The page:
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Most Viewed- The Primuline Or Diazotype Process
- The Black Or Ink Process Ferro-tannate Process
- The Cuprotype Burnett's Process
- The Uranotype
- A Poitevin's Process 1870
- The Carbon Process
- The Aniline Process
- The Cyanofer Pellet's Process
- The Cyanotype Or Blue Process
- Choice Of Paper Sizing
Least Viewed- Preparation Of Red Yellow Or Blue Tissues
- Godefroy's Process 1858
- L Liesegang's Process 1865
- X's Process 1865 Secrets Of The Uranotype
- H Cooper's Process 1865
- Guarbassi's Process 1867
- Printing On Wood Canvas Opal And Transparencies
- How To Make A Negative Drawing
- Tracing Process On Metal
- Artigues' Process
Dr Jb Obernetter's Process 1863
Copper chloride 100 parts
Ferric chloride, sol. sp. 13 parts
Hydrochloric acid, conc. 12 parts
Water 1,000 parts
Float the paper on this solution for about two minutes and hang it up to
dry. The keeping quality of the prepared paper is remarkable; it has been
kept for two years without apparent change; its sensitiveness is at least
one-third greater than that of silver albumen paper. Unless developed
within an hour or two, the vigor of the proof is much impaired; after
twenty-four hours a print can be taken over on the same.
When exposed, only a faint image is visible. It should be fixed in the
Potassium sulphocyanate 12 parts
Sulphuric acid, conc. 1 part
Sensitizing solution 10 to 12 parts
Water 1,000 parts
A print is floated on this solution, face downward, for three or four
minutes, taking care to agitate the liquid as little as possible; the
print is afterwards immersed and another one floated in its place, thus
proceeding until all the prints are immersed or the solution can hold no
more. A fresh solution is then added to strengthen it: the older the
solution the more rapidly and better it works. In this developer copper
cyanide is precipitated on the parts acted on by light, and this exactly
in the proportion to the luminous action. The time of immersion depends
on the method selected to finish the proofs; it its from five minutes to
half an hour. If the proof is immersed for, say, twenty-four hours, the
image comes out in a relief which may bring the shadows to two lines in
depth. When well developed and thoroughly washed, the proof can be dried
and the subsequent operations made at any convenient time.
Various processes may be employed to give to these proofs the tone
required; thus: the prints well washed are placed in a solution of
ferricyanate of potassium at 6 to 12 per 100 of water, where they take a
red color increasing in intensity. If left over night the color becomes a
splendid velvet deep red with perfect clear whites. To obtain the color
of silver photographs one hour's immersion is sufficient. After this
operation the proofs are washed until the water is no more tinged yellow.
By immersion in
Ferrous sulphate 100 parts
Iron sesquichloride 40 parts
Hydrochloric acid 80 parts
Water 200 to 300 parts
the proofs undergo the following gradation of colors: red, reddish violet,
blue-violet, black and greenish black. As soon as the desired color is
obtained, the proofs are washed in acidified water and dried.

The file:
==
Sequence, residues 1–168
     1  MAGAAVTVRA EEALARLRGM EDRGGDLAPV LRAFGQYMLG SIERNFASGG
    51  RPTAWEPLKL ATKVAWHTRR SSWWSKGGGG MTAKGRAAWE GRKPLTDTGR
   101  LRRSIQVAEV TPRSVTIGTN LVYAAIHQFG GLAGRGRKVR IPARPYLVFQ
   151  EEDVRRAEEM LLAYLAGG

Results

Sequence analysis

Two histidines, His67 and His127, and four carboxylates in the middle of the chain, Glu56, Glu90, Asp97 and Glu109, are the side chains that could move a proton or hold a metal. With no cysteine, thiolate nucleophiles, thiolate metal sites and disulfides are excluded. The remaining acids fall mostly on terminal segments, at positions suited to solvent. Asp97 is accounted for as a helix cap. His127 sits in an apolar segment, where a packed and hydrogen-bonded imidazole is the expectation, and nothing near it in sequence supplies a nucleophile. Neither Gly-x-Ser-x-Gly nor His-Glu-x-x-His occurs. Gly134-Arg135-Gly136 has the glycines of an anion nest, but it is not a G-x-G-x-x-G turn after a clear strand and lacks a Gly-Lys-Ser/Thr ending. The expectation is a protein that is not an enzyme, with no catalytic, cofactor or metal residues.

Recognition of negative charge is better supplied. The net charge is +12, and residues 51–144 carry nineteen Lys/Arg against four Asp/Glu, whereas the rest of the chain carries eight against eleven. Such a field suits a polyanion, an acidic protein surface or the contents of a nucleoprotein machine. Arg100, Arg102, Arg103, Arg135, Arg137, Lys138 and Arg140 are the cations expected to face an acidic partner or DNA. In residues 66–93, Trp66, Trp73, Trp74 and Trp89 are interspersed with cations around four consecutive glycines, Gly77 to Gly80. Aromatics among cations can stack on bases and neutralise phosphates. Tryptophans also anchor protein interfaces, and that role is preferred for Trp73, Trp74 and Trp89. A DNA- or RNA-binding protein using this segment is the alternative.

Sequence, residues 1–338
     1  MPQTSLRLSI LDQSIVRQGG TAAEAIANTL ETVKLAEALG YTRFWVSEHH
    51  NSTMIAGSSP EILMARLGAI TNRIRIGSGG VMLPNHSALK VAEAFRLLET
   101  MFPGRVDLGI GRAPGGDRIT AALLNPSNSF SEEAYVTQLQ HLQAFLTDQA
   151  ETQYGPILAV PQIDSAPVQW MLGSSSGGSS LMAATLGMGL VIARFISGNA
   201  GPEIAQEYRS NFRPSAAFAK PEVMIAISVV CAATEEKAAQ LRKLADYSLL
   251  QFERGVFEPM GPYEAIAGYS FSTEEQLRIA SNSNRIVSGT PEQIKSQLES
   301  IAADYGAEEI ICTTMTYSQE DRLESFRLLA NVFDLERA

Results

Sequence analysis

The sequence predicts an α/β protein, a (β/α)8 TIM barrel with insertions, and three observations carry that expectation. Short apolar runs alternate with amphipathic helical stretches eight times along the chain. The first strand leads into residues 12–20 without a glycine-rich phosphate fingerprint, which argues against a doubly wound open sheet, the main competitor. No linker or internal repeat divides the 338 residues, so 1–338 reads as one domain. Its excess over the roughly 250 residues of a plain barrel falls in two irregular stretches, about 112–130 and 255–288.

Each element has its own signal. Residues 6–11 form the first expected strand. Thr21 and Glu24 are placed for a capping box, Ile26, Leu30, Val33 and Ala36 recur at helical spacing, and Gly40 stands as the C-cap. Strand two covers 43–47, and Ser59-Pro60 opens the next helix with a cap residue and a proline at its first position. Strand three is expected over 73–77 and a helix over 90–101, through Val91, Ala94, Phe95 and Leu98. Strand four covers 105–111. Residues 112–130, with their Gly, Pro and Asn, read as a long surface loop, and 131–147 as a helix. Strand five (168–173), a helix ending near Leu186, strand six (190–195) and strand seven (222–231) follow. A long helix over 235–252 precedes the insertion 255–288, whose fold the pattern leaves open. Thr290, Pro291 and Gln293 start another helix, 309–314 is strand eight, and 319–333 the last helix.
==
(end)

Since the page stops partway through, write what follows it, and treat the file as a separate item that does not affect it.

The most beautiful purple violet is obtained by leaving the proofs in the
iron solution until green-black, and then washing for a moment in a dilute
solution of sub-acetate of lead.
A brown-black may be produced by treatment, after washing, with an
ammoniacal solution of hypermanganate of potash.
A weak solution of nitrate of silver also yields very fine pictures, but
the exposure should be very short, and the proofs must be fixed in water
containing a small quantity of oxalate of ammonia.
In order to impart to the proofs the gloss of silver photographs, they
should be albumenized in the ordinary manner, and the albumen
insolubilized by well known means.
The chemical actions in this process I explain in the following manner: On
the paper there are Fe2Cl3 and CuCl, the latter in excess. By the action
of light, and according to the transparency of the negative, Fe2Cl3 is
reduced to FeCl, while CuCl suffers no alteration.
If the paper be immediately placed in an absolutely dry room after
exposure, the picture remains unchanged. In a moist atmosphere FeCl
attracts moisture and, with a part of CuCl, is so decomposed that Fe2Cl3
is formed together with Cu2Cl.
After this action has commenced, if the proof be not immediately immersed
in a solution of sulphocyanate of potassium, Cu2Cl passes over to a higher
combination of chlorine, and the paper is again fit to be impressed anew
by the action of light.
As long as FeCl or even Cu2Cl is present, if the print is immersed in the
sulphocyanate solution, sulphocyanate of copper is immediately formed on
the reduced parts, while on the others the sulphocyanide of copper, formed
and dissolved by the sulphocyanide of potassium in excess, becomes decom-
posed with water in soluble sulphocyanide of copper and deposited as such
on the parts already covered with the salt.
Frequently the prints appear yellow from formation of the double
sulphocyanide of copper, but the color disappears by washing in water.
Red coloration is due to decomposition into ferrocyanide of copper.
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